I keep hearing people saying how they’ve heard NLP can help you tell if someone is lying by looking at their eye movements…
It sounds like a pretty neat trick – I mean most people have seen shows like ‘Lie To Me’ and thought how amazing it would be to be able to read someone like that.
In fact, if you search the internet for lie detecting and NLP, you’ll find loads of different websites telling you how to tell if someone is lying by watching their eyes and other movements.
Most of the myth about lie detection with NLP comes down to the eye patterns. Basically, as you look at someone (who is normally organized – explained in depth on an NLP training), if as you look at them their eyes move up and right, that reveals that they are remembering a picture. If their eyes move up and left as you watch them, that is what we call visual construct, which reveals they are ‘constructing’ an image.
And that’s where the gross oversimplification comes into play, where if someone sees someones eyes move up to the left as they are talking, they think they are lying because they are ‘constructing’ an image.
In fact, I had a student who was on my course who went for a job interview where the interviewer had told him he was glad he was not lying in the interview, because he didn’t see his eyes move up left.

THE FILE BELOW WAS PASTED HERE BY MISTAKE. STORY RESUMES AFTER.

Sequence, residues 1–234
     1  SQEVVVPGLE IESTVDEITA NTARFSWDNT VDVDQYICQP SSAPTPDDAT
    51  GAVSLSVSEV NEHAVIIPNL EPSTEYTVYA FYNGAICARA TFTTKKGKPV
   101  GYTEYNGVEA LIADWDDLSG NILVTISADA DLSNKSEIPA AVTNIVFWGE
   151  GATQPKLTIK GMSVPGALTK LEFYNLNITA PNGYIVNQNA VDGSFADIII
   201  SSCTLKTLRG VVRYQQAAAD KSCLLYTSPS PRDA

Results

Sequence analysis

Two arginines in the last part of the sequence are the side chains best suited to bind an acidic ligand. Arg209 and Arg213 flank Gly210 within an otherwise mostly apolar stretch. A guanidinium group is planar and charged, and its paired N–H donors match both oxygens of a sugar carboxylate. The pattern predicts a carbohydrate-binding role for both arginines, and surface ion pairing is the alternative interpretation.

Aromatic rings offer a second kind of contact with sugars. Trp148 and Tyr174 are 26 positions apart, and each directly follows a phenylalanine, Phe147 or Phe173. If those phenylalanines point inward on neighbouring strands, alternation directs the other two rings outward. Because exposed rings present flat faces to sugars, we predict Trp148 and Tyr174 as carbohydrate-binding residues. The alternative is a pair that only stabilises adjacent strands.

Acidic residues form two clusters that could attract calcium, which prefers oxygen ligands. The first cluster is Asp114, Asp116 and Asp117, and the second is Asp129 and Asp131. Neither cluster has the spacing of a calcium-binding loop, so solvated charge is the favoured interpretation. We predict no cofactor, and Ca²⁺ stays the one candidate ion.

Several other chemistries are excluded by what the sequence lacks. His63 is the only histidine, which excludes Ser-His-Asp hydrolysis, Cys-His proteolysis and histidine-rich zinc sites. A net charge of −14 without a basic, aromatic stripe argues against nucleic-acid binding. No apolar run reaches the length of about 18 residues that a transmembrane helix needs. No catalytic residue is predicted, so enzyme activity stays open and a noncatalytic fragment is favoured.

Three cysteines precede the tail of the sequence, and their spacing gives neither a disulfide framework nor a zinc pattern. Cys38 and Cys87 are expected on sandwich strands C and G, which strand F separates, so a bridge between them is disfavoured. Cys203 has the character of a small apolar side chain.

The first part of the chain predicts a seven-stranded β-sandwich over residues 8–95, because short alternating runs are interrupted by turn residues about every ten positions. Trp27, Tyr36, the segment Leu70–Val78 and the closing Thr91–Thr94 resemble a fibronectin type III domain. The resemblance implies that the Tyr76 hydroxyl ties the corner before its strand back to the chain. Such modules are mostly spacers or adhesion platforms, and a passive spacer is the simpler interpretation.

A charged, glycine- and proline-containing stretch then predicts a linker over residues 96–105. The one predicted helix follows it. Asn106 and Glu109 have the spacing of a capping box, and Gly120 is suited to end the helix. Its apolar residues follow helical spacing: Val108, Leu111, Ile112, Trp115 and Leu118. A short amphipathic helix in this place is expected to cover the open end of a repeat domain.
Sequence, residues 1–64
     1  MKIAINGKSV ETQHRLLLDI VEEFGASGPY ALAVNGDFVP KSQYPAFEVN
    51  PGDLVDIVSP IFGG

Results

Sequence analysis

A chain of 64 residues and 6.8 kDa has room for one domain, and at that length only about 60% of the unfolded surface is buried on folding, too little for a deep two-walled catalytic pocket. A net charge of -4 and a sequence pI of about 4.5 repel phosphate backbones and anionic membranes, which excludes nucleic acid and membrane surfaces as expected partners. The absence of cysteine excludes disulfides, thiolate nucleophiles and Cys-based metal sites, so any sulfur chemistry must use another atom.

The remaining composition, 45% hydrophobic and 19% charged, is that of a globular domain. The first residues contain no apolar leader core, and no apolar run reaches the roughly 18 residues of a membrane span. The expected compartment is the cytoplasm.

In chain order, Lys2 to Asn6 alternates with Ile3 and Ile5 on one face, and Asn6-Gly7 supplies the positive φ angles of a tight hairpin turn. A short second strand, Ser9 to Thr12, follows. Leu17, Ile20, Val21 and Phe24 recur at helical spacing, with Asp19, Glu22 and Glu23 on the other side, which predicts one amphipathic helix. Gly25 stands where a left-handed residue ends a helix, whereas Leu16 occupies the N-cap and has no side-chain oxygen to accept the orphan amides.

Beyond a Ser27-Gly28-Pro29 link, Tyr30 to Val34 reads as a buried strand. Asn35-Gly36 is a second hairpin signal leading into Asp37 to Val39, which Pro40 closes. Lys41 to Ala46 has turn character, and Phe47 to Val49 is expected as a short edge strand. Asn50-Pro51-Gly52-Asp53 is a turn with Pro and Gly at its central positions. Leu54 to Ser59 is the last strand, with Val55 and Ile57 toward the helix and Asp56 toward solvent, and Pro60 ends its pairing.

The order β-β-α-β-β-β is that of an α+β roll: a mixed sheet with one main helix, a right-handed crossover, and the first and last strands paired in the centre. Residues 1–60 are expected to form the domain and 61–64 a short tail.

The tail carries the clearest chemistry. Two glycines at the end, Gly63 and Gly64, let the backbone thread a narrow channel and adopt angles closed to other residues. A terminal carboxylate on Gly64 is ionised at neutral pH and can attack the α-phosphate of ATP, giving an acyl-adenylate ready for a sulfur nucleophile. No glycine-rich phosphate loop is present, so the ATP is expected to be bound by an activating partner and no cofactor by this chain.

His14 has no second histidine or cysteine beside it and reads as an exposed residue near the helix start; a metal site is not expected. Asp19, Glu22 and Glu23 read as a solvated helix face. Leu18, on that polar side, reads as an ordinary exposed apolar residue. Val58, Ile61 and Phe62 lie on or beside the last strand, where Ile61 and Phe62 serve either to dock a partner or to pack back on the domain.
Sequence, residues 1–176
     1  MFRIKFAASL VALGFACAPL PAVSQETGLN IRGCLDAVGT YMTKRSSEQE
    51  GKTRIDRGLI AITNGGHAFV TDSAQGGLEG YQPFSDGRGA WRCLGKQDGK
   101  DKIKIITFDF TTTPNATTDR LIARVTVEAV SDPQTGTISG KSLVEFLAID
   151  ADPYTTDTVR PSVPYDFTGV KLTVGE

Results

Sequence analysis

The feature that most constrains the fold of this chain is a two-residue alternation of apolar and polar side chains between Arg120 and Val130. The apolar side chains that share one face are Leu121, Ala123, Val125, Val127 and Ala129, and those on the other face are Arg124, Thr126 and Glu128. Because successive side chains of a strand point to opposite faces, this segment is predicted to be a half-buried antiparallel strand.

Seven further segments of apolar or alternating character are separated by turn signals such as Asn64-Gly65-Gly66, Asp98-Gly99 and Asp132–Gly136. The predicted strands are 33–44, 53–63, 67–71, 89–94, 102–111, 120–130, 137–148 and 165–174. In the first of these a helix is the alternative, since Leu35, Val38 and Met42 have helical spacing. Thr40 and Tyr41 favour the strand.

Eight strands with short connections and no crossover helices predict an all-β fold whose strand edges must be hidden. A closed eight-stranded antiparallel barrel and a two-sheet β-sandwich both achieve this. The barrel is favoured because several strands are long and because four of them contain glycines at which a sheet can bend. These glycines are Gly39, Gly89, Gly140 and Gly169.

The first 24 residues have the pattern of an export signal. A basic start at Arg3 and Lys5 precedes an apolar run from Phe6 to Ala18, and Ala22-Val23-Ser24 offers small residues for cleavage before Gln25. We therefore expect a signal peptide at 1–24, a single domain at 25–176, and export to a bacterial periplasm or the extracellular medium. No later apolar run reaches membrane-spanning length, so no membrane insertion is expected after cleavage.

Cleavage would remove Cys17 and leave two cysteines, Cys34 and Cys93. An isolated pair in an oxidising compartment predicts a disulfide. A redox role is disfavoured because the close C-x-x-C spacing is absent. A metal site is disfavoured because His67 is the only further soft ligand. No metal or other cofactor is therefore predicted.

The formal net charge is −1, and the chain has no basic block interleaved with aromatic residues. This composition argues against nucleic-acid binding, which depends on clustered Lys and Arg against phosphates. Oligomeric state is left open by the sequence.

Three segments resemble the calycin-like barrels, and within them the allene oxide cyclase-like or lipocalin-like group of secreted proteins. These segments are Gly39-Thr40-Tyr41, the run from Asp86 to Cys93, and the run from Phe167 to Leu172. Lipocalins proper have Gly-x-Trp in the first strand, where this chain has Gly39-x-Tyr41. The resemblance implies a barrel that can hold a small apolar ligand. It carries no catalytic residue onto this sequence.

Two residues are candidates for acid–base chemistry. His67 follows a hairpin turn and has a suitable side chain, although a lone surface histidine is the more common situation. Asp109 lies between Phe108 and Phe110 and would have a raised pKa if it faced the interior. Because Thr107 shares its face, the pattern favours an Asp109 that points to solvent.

Now, this really is a dangerous oversimplification of the whole thing.
First, many psychologists say that remembering events involves a ‘reconstruction’ of the experience – which some people may do by rebuilding experiences and it may involve construction as part of this – therefore the eyes may move to the left for this reason.
Second, many people have memories where they see themselves in the memory (what we call dissociated in NLP). Now in any experience you have had in life, you never see yourself in it as you do it, because you are looking through your own eyes (associated). So if your memory has you in the picture, you’ve done some construction to get it – again construction may involved eyes moving up left.
Third, someone who is highly creative may spend a lot of time in ‘construct mode’ so their eyes tend to move up there a lot, but it’s not lying.
Well – I could keep going and going on with this – there’s lots more reasons it doesn’t work like this!
Also, there are no universal hand gestures or physiology for lying – if people say putting your hand to the mouth means lying, it’s really another oversimplification. In fact, the research into lie detection shows that people who are trained in lie detection perform hardly any better than at a level of chance – some of them actually worse! For example, metaanalysis by DePaulo et al (2003).
Now, there are cues that allow us to understand what is going on inside someone else, and these are things that you learn on a good NLP training, but it doesn’t oversimplify human behaviour, which is highly complex!
In fact, if you find a website claiming that it can turn you into a lie detector, if you are a real lie detector you’ll know instantly that site is lying! (Or maybe just not really understanding it!)
Oversimplifications like this can be dangerous – imagine the consequences in law of condemning someone as a liar because their eyes moved in a certain way, when they really are not lying!
That’s why a little knowledge in the wrong hands can be an issue – and that’s a key reason I encourage people who want to learn NLP to find an experienced NLP trainer.
Our next NLP Practitioner course is October 15 – 21 in Islington, London, and I’ll be covering some of those finer distinctions in NLP that really help you deliver excellent results.